By: Mike Elgan
It’s shocking how little effort is often placed on mastering the art of business communication and keeping up with communication trends and technologies.
Business and technology managers and executives succeed or fail in large measure based on their ability to communicate effectively—and also to make enough time for themselves to get everything done. That’s why it’s shocking how little effort is often placed on mastering the art of business communication and keeping up with communication trends and technologies.
I’ve seen managers and executives fail and—far too rarely—succeed based on how they communicate. I’ve also seen high-level people get stuck in the past in the ways they communicate, sticking with habits that worked a decade ago, but which are now antiquated.
Here are my guidelines for how to communicate for maximum success in 2015.
1. PHONE CALLS
Before the world of texting, messaging and social media, people used to answer their phones. Never answer your phone. Phone calls interrupt you. They enable people to “catch you” and drag you into conversations you either don’t want to waste your time on or aren’t prepared to handle.
Instead, turn your ringer off. Let people leave a message. And invite people in your voice mail message to contact you in the written medium of your choice: email, texts, etc. Then call people back, clustering the calls together to waste a minimum of time.
2. REAL-TIME CONVERSATIONS
Whether you communicate in phone calls, meetings, hallway conversations or video chat, always follow up via email with a clear summary of what was discussed or agreed upon, if anything. The email serves as a searchable log of the conversation, and gets all parties on the same page, so there are no time-wasting, deadline-busting misunderstandings later.
Avoid meetings. They’re by far the biggest time suck ever invented in the history of business. Never participate in a meeting—and definitely never lead one—that doesn’t have a clear, concise agenda.
If you’re leading a meeting, make sure nobody strays from the agenda, and insist that every decision or action item has an owner and a deadline. Then set a reminder to follow up in order to hold that person to account.
Always prepare for every meeting. There’s always some beneficial prep work to be done.
The vast majority of business presentations with slides—possibly more than 99 percent—violate the most basic and widely known rules of good presentation-making. As a result, everybody hates them and nobody gets much out of them.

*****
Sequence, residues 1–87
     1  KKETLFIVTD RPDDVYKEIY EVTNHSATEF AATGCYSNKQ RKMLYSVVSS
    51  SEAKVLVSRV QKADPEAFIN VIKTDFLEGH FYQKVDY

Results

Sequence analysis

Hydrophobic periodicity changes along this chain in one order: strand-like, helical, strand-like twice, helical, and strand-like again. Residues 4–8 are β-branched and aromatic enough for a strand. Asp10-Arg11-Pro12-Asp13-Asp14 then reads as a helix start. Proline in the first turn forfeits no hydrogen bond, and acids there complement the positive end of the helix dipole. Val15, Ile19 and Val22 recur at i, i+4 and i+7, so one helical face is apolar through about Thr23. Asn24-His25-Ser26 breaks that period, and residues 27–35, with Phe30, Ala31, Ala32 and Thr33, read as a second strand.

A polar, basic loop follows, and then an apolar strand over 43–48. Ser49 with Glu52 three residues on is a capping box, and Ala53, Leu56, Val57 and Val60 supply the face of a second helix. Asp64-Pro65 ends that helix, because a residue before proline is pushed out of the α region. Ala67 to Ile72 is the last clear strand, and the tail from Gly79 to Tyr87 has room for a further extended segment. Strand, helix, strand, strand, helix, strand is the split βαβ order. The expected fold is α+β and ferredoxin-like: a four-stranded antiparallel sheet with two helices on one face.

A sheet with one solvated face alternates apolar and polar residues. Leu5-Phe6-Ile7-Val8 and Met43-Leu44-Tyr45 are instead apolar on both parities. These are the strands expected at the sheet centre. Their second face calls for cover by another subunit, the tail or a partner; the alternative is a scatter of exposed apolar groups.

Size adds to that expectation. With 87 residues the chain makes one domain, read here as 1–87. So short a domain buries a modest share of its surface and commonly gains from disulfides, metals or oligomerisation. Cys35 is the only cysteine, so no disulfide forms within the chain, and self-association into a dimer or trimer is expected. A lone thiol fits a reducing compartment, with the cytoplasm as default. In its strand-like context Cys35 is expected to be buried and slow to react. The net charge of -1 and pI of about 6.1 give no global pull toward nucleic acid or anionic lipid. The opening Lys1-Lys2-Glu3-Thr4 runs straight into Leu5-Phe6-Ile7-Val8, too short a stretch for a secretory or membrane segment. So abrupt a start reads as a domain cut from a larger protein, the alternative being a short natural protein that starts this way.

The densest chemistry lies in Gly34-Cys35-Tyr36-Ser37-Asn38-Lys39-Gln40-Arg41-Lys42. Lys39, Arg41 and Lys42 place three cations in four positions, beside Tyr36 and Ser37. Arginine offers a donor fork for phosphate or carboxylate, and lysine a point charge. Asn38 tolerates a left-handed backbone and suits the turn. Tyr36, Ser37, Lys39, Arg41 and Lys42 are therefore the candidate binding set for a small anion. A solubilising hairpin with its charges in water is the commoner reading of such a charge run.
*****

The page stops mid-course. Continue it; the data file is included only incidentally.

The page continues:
Every presentation has three parts: your slides, the words you speak and the handout you give afterward.
Slides: The first error is trying to convey information in the slides. The second error is using the slides as notes. Never make either of these mistakes. The purpose of slides is the fabrication of mental images, so use slides to give people brain pictures to carry around in their minds. That means they should be simple, memorable and high-impact. Nothing is more forgettable than a diagram, chart or list of bullet points.
Most people will not mentally process the data or words in your slides, but they will hang on to the pictures. Show photography. Show absurdly clear and simple slides—for example, ones that clearly show massive success or huge differences—and never show complex, vague data that has to be mentally processed.
The words you speak: There are two winning approaches to creating and using notes while speaking in a presentation. The first is to have very minimal notes: a simple list of topics to jog your memory and make sure you don’t forget a major topic. Then speak off the top of your head, using simple, active language. The second winning approach is to write the whole thing verbatim and practically memorize it in advance.
Most presenters do something in between, and that approach is the death of presentations. In the pressure of public speaking, the mind clings to fact-filled notes, preventing you from remembering and speaking naturally about what you know, and also preventing you from being articulate. Instead, tell stories, keep words to a minimum and drive home only focused high-level points. Create emotion, including humor, because only emotion is memorable.
About the Author
Mike Elgan is a Silicon Valley-based columnist, writer, speaker and blogger.
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